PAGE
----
UK seeks solutions to Sargassum problem in the Caribbean

The government of the United Kingdom (UK) has launched a call for research proposals on how to deal with the problem of  Sargassum seaweed in the Caribbean region.

 In the last few years, the region has experienced massive influxes of Sargassum, which have threatened the marine ecosystems, economy and public health of the Caribbean countries.

The Sargassum mats can smother coral reefs, seagrass beds and mangroves, reducing oxygen levels and biodiversity. In many places, including the Virgin Islands, it has washed up on beaches, creating foul-smelling piles that deter tourists and affect coastal communities. Moreover, some species of Sargassum contain high levels of arsenic and sulfide, which can pose health risks to humans and animals.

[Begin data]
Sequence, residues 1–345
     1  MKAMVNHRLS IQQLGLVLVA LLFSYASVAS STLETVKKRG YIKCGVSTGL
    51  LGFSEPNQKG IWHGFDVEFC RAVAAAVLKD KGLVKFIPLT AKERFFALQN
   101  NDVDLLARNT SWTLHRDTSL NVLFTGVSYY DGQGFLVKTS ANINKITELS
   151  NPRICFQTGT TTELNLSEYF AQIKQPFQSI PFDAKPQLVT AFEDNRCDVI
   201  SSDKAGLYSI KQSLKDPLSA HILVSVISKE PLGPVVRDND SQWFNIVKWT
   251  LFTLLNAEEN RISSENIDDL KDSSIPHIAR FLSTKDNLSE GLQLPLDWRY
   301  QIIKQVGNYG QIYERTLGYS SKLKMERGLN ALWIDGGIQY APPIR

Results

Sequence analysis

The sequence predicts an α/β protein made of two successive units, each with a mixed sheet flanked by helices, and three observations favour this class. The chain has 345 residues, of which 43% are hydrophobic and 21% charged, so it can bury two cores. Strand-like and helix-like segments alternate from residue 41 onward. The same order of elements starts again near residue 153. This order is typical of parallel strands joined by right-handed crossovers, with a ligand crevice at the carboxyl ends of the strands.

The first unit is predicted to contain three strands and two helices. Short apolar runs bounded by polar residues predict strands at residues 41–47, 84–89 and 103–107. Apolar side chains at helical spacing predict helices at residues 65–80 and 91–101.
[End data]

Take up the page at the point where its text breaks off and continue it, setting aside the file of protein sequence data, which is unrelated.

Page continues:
The government of UK Prime Minister Rishi Sunak, last week, in response to requests from Caribbean leaders, invited partners to submit proposals for up to £300k (USD$374k) before October 10th. The research should advance commercial, scalable, safe solutions to process, sink or store the Sargassum seaweed.

A statement from the British High Commission in Bridgetown said “finding solutions to Sargassum influxes could be vital to the Caribbean’s sustainable development and climate resilience”.

The UK has been supporting the Caribbean region in tackling the Sargassum challenge since 2015, through various initiatives such as providing satellite imagery, mapping tools, early warning systems and best practices.

The call for research proposals is part of the UK’s commitment to strengthen its partnership with the Caribbean and support its recovery from the impacts of climate change.